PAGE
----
Silently Retreating

My yoga buddy is about to go on her first silent retreat. I thought about what to tell her, and also what not to say. It is a rite of passage, and I know that she’ll find her own difficulties and joys in the doing, or rather, in the not doing.
I went on a vipassana retreat for the first time seven years ago, and I’ve continued that practice once or twice a year since then. The silence is where I reconnect.
Another friend said to me last week, about some decisions I’m tangled up in: “Maybe there’s just too much noise right now.” And she’s right.
Too many opinions: Other people’s voices and expectations. But even more, I’ve noticed that there’s too much volume (decibels and quantity) to my own thinking. The inner voices and expectations. I believe everything I think too much lately — you know how that gets — and it’s time to rest into that larger knowing.
Where thoughts float across the background of silence, and crisp insights arrive.
Move outside the tangle of fear-thinking.
Live in silence.
Flow down and down in always widening rings of Being.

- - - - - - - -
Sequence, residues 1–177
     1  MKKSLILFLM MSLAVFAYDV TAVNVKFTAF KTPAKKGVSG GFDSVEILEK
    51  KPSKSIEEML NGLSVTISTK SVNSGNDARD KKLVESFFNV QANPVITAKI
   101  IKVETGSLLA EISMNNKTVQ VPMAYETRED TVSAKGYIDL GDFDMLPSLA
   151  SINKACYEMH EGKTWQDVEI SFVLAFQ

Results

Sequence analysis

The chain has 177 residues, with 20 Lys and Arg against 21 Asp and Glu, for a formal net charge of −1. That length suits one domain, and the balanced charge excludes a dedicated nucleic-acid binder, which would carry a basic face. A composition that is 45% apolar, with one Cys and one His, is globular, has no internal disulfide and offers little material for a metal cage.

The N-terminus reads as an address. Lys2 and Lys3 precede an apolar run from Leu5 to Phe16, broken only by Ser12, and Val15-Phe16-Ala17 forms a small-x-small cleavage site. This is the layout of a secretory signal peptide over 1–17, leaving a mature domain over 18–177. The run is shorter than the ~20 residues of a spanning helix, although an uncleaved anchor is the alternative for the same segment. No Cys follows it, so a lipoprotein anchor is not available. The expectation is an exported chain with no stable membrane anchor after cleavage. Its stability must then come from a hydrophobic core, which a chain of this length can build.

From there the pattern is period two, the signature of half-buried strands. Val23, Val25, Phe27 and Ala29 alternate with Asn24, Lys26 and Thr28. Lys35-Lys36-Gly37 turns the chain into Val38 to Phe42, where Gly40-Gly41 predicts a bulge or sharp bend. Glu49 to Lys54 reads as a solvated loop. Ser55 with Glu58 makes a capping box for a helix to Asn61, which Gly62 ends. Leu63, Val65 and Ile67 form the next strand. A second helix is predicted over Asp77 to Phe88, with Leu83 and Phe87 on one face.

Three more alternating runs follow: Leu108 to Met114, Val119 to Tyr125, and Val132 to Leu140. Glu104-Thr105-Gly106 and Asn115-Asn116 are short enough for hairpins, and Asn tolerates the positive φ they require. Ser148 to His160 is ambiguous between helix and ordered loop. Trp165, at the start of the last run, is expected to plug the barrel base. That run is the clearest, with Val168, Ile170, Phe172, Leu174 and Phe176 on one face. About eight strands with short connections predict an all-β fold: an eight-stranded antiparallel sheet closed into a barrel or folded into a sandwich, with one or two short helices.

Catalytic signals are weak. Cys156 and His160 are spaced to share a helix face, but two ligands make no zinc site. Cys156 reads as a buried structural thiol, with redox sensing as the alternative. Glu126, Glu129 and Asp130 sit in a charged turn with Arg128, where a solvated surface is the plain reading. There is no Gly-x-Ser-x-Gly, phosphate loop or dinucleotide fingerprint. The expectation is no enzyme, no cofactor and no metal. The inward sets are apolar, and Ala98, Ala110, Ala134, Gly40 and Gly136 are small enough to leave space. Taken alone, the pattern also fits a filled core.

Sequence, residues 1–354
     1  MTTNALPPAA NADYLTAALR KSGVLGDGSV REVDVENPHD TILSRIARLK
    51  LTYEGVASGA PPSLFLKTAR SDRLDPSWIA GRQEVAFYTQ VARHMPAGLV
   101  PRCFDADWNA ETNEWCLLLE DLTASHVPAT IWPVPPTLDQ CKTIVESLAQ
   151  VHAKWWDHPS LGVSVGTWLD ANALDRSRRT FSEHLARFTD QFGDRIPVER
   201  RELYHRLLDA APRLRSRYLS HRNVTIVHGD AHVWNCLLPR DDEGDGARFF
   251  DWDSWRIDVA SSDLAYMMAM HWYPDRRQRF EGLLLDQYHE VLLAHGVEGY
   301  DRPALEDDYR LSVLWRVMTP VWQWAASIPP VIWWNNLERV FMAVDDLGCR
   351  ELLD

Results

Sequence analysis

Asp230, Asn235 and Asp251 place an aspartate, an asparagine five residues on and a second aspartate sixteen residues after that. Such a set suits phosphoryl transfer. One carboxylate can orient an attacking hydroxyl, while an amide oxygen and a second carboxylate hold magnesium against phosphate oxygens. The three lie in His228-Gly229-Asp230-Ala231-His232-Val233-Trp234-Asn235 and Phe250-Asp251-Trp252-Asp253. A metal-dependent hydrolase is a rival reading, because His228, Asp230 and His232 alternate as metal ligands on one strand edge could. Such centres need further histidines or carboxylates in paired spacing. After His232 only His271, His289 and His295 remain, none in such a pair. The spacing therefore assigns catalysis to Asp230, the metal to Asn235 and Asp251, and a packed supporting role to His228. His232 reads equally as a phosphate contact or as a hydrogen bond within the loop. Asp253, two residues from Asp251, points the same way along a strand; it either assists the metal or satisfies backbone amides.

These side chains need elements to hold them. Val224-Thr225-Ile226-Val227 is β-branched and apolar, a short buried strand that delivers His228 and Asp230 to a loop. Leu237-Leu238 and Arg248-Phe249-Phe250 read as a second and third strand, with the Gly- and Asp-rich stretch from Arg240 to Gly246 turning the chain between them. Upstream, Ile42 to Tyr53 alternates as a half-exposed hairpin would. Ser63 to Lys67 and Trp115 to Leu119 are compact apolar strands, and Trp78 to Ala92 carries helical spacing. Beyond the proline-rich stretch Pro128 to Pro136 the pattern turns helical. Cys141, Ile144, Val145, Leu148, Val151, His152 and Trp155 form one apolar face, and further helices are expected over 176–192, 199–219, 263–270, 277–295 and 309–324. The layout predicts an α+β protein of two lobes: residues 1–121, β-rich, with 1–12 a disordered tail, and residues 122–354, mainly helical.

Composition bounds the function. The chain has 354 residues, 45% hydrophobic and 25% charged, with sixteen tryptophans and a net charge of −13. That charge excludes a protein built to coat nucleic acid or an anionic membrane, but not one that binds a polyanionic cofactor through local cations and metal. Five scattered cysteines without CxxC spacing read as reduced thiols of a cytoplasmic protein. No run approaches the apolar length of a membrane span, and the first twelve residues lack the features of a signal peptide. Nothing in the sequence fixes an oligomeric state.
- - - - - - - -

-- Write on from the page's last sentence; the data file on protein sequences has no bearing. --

Rumi
I know from my own experience that anticipating several days of silent meditation can bring up fear and uncertainty. What I finally told my yoga buddy about going on retreat is basically this: Be kind to yourself. There is absolutely nothing that needs to get done. Follow the schedule, and also the rhythms of your body and breath. There’s no way to anticipate what might arise. Bring your hiking boots to visit the wildflowers, and allow yourself to nap after lunch instead if that’s what you need.

What we learn is that the silence is here now, in the ordinary: around, between, and even inside the noise. We can find it without going away, yet silently retreating is where we learn this in a way that can’t be forgotten. It’s the deep training, where we reconnect.

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